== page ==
Macular Degeneration Research
The Aloe Institute continues to partner with the Foundation Fighting Blindness to support cutting edge research on age-related macular degeneration (AMD). This disease, which is the most common cause of blindness among people 55 years of age and older, affects nearly two million people in the U.S. and some ten million more are at risk for developing this condition.
Globally, the numbers affected and at risk are staggering. Despite these grim statistics, the research we support offers real hope to those affected and those at risk that we will overcome this vision-robbing disease. The following are examples of some of the promising AMD reseach that the Aloe Institute helps support.
Researchers at Johns Hopkins University are investigating oxidative injury to the retina, which may contribute to the development of AMD. The team is focusing on three molecules found in the retina whose activities may be increased by oxidative stress. They're determining if oxidative stress alters the location or amount of each protein in the retina. They also found that a certain antioxidant protected the retinal cells of mice from oxidative injury. Similarly, a synthetic form of a molecule present in a traditional Chinese medicine used to treat eye and other ailments transiently preserved retina cell function and appearance, and slowed retinal degeneration. These finding add to the evidence that antioxidants may have therapeutic potential for treating AMD.
Light-sensitive photoreceptors in the retina overlie specialized RPE cells that provide nutrients to and remove wastes from the former. RPE cells rest on a structure known as Bruch's membrane. At Columbia University scientists are studying age-related changes in Bruch's membrane and RPE cells relative to treating macular degeneration with transplanted retinal cells. They note that RPE cell survival declines when grown on Bruch's membranes from older donors or donors with AMD. The investigators are identifying the specific changes in RPE cell function that imperil cell survival. Characterizing both age- and disease-related changes in Bruch's membranes and in RPE cell function will enable them to evaluate treatments that might enhance the survival and growth of transplanted RPE cells. This may lead to treatments that preserve or restore Bruch's membranes, which may limit RPE cell degeneration or promote the survival of transplanted RPE cells.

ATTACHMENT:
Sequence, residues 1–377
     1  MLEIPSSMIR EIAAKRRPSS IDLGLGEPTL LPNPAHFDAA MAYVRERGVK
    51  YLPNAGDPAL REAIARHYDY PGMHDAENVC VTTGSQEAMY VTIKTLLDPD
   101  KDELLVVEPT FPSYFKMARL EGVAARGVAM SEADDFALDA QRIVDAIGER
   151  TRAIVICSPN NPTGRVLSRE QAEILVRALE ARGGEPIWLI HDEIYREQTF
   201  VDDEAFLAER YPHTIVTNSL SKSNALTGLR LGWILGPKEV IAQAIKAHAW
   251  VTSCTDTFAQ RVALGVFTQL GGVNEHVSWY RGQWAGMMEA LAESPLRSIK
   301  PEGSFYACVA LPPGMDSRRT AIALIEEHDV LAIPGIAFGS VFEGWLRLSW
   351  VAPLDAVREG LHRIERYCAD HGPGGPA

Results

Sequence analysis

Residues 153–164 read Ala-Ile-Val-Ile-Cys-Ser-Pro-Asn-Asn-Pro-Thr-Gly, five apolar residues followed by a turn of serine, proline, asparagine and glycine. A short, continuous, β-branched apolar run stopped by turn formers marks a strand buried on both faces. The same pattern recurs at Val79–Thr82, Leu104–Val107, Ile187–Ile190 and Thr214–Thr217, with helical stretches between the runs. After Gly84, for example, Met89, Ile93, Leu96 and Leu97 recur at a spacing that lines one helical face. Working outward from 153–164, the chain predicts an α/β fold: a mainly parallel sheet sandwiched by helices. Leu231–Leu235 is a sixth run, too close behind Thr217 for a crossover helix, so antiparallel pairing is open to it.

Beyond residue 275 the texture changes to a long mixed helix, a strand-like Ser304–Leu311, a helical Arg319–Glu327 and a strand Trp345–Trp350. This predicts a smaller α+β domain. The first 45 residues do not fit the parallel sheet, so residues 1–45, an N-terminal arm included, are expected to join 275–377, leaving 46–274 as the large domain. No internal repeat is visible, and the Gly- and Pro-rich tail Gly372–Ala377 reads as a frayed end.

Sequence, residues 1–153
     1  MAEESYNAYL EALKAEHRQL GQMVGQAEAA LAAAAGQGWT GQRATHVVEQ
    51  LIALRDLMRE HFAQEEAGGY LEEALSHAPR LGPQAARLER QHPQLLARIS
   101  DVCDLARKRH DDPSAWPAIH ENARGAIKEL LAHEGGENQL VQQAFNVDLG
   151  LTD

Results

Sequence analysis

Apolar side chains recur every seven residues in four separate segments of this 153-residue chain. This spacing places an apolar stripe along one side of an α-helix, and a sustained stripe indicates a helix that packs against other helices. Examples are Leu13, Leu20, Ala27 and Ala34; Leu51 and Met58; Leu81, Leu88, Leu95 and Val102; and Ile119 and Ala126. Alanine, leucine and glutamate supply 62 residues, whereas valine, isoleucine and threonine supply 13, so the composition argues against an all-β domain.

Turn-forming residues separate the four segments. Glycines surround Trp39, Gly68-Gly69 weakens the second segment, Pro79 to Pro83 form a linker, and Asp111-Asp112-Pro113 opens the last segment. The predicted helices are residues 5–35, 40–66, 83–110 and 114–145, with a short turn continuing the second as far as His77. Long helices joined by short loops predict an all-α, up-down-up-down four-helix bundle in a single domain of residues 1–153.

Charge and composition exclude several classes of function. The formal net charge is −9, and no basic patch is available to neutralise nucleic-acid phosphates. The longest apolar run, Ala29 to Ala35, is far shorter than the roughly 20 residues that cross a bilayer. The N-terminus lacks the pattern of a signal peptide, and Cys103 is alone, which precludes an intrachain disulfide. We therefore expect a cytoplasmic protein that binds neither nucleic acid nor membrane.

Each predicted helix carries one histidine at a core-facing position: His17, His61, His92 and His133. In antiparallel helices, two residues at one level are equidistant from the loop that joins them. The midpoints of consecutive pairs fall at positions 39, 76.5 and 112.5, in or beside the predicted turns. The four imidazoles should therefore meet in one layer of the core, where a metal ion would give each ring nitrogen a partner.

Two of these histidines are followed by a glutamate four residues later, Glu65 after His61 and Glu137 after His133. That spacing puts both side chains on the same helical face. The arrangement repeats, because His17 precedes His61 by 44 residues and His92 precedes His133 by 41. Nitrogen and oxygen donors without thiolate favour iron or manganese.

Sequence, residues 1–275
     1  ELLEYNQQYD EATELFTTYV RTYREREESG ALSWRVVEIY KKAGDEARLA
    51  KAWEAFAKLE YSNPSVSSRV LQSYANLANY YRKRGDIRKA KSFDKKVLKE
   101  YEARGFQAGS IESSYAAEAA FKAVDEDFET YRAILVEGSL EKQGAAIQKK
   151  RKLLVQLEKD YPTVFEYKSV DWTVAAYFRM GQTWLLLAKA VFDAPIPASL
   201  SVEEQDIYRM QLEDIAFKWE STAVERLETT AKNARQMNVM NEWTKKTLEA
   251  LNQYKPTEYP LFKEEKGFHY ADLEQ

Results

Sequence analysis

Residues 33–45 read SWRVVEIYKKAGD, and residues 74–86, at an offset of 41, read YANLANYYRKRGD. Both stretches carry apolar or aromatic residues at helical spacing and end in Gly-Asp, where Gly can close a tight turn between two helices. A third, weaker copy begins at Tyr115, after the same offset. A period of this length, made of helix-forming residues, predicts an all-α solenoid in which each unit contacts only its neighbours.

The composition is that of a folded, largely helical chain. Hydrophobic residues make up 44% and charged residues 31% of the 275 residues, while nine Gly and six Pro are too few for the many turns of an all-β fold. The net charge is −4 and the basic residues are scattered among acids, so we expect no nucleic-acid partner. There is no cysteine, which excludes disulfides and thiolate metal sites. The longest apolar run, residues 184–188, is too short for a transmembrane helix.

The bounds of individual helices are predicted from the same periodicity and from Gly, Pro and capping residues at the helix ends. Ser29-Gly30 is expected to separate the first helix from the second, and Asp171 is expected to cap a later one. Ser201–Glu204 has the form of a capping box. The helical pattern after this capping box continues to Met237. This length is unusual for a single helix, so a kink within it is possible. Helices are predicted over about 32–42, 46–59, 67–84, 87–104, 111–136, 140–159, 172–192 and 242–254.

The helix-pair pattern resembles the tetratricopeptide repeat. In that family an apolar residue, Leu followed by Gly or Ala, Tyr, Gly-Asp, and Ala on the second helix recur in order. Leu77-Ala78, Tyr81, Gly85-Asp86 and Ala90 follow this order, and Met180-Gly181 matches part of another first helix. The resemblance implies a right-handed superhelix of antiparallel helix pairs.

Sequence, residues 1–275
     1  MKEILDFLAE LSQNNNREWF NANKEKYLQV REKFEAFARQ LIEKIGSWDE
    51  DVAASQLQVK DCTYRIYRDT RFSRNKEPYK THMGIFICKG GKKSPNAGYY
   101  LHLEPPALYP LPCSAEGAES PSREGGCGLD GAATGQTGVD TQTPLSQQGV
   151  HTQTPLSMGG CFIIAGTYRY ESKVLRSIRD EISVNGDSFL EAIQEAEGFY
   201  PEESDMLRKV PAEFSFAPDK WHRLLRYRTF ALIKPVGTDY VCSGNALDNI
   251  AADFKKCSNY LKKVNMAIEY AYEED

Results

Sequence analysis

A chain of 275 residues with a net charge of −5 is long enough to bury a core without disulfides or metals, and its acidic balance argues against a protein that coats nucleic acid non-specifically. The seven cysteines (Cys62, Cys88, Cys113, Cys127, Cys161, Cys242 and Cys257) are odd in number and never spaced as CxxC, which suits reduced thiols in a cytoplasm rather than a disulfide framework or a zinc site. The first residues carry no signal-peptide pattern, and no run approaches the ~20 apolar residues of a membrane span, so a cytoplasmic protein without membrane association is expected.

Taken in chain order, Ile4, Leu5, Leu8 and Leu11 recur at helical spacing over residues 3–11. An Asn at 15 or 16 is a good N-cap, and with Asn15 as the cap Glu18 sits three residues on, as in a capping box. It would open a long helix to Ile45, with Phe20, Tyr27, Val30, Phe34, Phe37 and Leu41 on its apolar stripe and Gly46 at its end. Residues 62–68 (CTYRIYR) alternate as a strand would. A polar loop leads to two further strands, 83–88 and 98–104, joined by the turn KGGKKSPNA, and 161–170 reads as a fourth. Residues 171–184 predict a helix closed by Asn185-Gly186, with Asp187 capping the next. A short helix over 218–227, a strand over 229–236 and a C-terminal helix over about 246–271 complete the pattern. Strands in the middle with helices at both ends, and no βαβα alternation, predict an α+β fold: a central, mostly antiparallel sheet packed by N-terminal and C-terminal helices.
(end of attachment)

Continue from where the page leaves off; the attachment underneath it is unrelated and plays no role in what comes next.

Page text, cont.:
Like most cells in our bodies those in the retina contain tiny structures that provide the energy they need to function properly Photoreceptors require a lot of energy, so if the supply is compromised the cells stop working, causing them to degenerate and die. Researchers at the Medical University of South Carolina are screening 50,000 compounds to identify those that stimulate energy production by injured retinal cells. They initially evaluate each compound's ability to protect photoreceptors from injury caused by exposure to damaging chemicals. After a series of more rigorous evaluations the most promising are used to treat laboratory mice with retinal degenerative diseases. Already, one compound has been found to increase retinal sensitivity six-fold in mice with retinal disease; another is undergoing further evaluation. Finding ways to protect retina cells from degeneration and death would be an important advance in clinical management of AMD patients and may preserve their vision until sight-restoring interventions like gene therapy or cell transplantation become available.